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Wisconsin farmers expect to see record costs to plant crops

Ag economist says planting costs are at least 10 percent higher than 2022, likely tightening profit margins for farmers

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Young corn plants grow in a field
Young corn plants grow in a field in rural Ashland, Neb., Wednesday, May 30, 2018. Nati Harnik/AP Photo

As the calendar ticks down to spring, Wisconsin farmers can expect to pay a record high amount to put their crops in the ground this year.

Ag economist Paul Mitchell said at the Wisconsin Agricultural Outlook Forum in January that the cost of production in Wisconsin and surrounding states is forecast to set a new record this year, after several years of increases.

Mitchell, who leads the Renk Agribusiness Institute, said a University of Wisconsin-Extension budget tool shows it will cost $1,017 per acre to plant corn for grain, while silage is estimated to cost $1,134 per acre. Soybeans are projected to cost $696 per acre to produce.

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While the actual cost to plant looks different for every farm, Mitchell said during his presentation that average costs are 10 to 20 percent higher this year than in 2022. He said that boils down to much thinner profit margins, even if crop prices remain at the higher levels seen last year.

“Will commodity prices stay high enough to justify these costs? That’s going to be the big question,” Mitchell said at the forum. “We’ve got margins out there, we can make money … will these make sense? Can I continue to make money at these high prices?”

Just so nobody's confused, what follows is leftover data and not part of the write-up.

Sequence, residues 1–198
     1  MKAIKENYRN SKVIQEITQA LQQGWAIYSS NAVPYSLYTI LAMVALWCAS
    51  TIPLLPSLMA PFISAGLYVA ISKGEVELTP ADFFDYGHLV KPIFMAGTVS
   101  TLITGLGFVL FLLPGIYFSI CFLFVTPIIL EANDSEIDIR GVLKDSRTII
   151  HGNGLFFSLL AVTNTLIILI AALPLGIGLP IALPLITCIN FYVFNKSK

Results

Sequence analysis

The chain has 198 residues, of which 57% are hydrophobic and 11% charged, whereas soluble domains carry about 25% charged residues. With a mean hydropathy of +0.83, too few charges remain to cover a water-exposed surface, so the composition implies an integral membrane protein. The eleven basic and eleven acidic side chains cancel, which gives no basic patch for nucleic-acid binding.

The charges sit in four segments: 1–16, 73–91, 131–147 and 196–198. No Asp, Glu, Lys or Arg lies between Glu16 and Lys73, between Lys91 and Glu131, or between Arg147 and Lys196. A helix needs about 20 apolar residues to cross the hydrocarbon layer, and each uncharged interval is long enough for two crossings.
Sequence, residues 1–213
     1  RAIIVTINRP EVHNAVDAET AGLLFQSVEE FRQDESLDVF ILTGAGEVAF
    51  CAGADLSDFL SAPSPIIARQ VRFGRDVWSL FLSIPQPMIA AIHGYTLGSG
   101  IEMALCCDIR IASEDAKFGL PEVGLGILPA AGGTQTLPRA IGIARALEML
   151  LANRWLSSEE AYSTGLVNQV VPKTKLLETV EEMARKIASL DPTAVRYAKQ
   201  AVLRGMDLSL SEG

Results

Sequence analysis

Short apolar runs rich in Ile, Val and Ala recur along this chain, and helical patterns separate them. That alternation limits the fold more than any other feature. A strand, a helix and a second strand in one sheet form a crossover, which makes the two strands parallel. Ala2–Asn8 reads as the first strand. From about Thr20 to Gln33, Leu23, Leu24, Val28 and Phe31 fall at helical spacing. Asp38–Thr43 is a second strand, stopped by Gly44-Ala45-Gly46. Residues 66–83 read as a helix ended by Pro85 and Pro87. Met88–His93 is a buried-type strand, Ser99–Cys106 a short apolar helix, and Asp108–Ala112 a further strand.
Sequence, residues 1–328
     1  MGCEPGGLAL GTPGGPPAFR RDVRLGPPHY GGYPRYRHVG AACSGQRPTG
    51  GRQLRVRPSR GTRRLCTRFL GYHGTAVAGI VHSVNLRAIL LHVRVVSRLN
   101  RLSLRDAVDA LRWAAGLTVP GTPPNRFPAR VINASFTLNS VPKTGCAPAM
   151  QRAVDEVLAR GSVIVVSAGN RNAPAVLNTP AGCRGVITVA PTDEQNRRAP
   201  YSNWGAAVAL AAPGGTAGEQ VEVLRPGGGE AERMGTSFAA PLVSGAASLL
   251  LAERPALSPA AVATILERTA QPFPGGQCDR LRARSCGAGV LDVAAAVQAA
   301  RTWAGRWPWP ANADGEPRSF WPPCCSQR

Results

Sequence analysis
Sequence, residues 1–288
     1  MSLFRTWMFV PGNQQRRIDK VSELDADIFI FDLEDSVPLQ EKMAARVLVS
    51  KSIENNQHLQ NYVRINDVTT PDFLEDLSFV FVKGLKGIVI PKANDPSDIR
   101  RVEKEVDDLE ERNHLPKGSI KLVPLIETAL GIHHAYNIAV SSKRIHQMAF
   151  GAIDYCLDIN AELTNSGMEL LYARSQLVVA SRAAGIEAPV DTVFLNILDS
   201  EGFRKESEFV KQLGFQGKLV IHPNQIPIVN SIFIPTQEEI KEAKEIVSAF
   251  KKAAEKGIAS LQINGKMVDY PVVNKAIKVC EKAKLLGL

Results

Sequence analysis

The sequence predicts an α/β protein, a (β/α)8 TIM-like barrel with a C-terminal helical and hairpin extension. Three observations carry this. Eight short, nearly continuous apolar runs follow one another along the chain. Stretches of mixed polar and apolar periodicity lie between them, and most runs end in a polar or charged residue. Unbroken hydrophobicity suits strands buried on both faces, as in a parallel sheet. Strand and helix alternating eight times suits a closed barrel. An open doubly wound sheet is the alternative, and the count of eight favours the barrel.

He said there is some evidence that fertilizer and energy costs are declining, two items that took a toll on farmers’ profits last year.

Purdue University in Indiana surveys farmers monthly about their finances in its Ag Economy Barometer. In the latest survey from January, 22 percent of respondents said they expect to have a larger operating loan this year compared to 2022. Eighty percent of those respondents said the larger loan was due to increased input costs, while only 5 percent reported it was due to carrying over unpaid debt.

Aaron Tigert is regional vice president of core markets for farm lending agency Compeer Financial. He said it’s hard to paint broad strokes about whether farmers will be borrowing more to plant this spring, especially because many producers have had more cash on hand after two years of strong profit margins.

“If they still have it coming into 2023, tight margins won’t matter. Increased prices at the farm gate for any one input or even all inputs won’t matter as much because at least as of today, we’re forecasting a positive margin per acre,” said Tigert, who is based in Prairie du Sac.

He said the timing of when producers buy their supplies will have an impact on profitability. Some farmers already chose to lock in prices for fertilizer or other costs, so they won’t benefit if prices continue to soften in the coming weeks. He said he thinks high land prices and rental rates will also affect a farm’s cost of production this year.

But Tigert cautions that looking at the cost of planting is only one half of the equation. He said whether a farmer is profitable also depends on how much they produce, or their yield, per acre at the end of the growing season.

“A good season of timely rains, timely moisture, a good safe fall harvest — that all matters to total crop revenue,” he said. “We can do everything right, we can have all the right costs, but if Mother Nature doesn’t work with us, it can really get us sideways on the net margin pretty quick.”

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